What Marketing Message Do Financial Planners Give to Women?

If you went to a website and saw a woman staring back at you, without the usual “Firm” picture, would that make you feel more or less intimidated about taking some action to call or email her?

Interesting question…

Since most firms follow the male model, showing a bunch of people in suits around a conference table, I often wonder if that is intimidating to women or not?  Do you look for the images of solid oak trees, retirement villages, or leisure activities? Do you feel comforted by seeing grandparents with their grandkids?  How about all pink and bubbly?

I think if the appearance of the website is one of general lightness and less significance, a woman might be more interested.  If she can connect with the stories of other women, the pictures of the woman who would be offering the advice, something about the advisor and her philosophy about money, and maybe a paragraph or two about what she does when she is not helping other women, a woman might be more interested.

Like how she spends her “free” time. Or what organizations she is a part of?  It tells you a lot about what her passions are and if they sync up with yours.

I’d love to know what you think about the “marketing to women” thing.  Do you like to be approached differently than men or are you looking for the same set of criteria?


Comments are closed.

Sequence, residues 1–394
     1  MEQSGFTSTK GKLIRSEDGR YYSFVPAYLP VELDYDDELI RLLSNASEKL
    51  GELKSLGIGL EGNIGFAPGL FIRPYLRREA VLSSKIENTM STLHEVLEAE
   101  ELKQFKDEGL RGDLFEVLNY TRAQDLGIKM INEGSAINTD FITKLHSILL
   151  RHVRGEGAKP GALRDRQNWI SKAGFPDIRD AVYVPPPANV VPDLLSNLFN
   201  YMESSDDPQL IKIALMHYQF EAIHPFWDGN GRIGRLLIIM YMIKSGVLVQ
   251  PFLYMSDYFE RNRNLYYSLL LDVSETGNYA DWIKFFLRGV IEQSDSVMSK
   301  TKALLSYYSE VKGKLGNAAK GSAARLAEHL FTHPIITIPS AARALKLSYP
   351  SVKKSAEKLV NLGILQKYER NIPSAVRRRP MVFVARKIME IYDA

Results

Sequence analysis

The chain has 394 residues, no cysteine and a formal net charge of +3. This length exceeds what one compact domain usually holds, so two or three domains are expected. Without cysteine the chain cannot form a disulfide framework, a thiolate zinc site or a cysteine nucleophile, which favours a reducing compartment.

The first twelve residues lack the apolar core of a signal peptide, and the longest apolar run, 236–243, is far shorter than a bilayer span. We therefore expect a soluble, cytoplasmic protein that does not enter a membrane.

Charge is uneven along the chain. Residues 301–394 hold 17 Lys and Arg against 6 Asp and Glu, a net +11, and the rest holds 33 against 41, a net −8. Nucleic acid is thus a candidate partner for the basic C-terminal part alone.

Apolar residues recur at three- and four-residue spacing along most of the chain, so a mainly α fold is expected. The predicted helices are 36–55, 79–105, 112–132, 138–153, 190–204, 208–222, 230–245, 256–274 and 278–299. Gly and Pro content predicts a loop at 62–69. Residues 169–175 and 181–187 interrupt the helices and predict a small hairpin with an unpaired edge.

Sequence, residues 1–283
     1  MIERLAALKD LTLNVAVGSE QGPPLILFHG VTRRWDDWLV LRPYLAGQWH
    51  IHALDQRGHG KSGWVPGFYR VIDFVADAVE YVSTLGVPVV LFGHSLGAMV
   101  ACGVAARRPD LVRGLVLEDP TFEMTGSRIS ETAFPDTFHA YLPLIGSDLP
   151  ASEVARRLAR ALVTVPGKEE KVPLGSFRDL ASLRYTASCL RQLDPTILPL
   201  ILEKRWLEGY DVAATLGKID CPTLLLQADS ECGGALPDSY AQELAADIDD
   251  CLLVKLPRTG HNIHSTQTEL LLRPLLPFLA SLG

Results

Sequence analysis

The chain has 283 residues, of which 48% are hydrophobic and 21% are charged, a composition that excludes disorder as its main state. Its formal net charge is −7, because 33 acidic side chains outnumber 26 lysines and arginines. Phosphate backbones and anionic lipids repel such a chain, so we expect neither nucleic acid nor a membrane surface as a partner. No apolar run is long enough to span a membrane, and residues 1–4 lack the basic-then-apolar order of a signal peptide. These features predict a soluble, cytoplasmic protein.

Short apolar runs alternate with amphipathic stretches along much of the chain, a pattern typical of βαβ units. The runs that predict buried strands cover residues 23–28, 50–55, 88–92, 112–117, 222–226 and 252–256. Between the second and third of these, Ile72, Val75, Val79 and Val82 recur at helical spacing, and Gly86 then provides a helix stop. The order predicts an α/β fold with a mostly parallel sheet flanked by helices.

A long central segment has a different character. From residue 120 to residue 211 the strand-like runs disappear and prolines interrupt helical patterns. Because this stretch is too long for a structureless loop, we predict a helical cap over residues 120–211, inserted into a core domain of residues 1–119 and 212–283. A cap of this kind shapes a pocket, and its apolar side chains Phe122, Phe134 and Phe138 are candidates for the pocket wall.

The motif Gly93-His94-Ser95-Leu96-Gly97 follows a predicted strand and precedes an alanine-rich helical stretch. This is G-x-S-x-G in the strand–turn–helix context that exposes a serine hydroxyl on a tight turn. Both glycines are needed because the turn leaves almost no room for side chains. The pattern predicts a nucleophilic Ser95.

1. Jan 7 years ago

    I think my avoidance of finance is because it seems so closely tied to the stock market over which I have absolutely no feeling of control. Stocks go up and down for reasons which are too often totally unrelated to the value of the stock and the company. It’s a game that I can’t win. It doesn’t seem to me to be “winnable” by applying skill and honest effort. It is too much of a gamble and dependent on the non-existent integrity of the players. I can trust you, my financial analyst, but you can’t control the stock market either. The only reason that I am still in the stock market is because I do trust you and believe you when you say that I need to stay in it.
    So that leads me to agreeing with you that marketing to women (at least to this woman) should be based on presenting the financial analyst as trustworthy and knowledgeable. Knowing your history and interests are important. I need to feel that you are working to my benefit not for the best commission. (Which is not to say that you shouldn’t make a fair living at this business just that it should not be at the sacrifice of my financial security.)
    Seeing a group of men around a conference table is too reminiscent of all the meetings I used to attend as the only woman in the room – largely perceived to be of little clout and only there to take notes. The men’s club will make decisions for their monetary profit – not mine. I don’t trust them.
    My reaction to the picture on this post is that it’s a conference room of some big corporation that is more interested in the stock price (which will impact their stock options) than in their customers. Talk about faceless corporations – there are no faces visible in the picture. It’s a turn-off. I would rather see a picture of you at your desk surrounded by pictures of family, or in conversation with women similar to me. Show yourself and your people as individuals – not part of a corporate entity. I want to see faces!
    Hope that helps.

    • Linda 6 years ago

      A simple and intelligent point, well made. Thanks!


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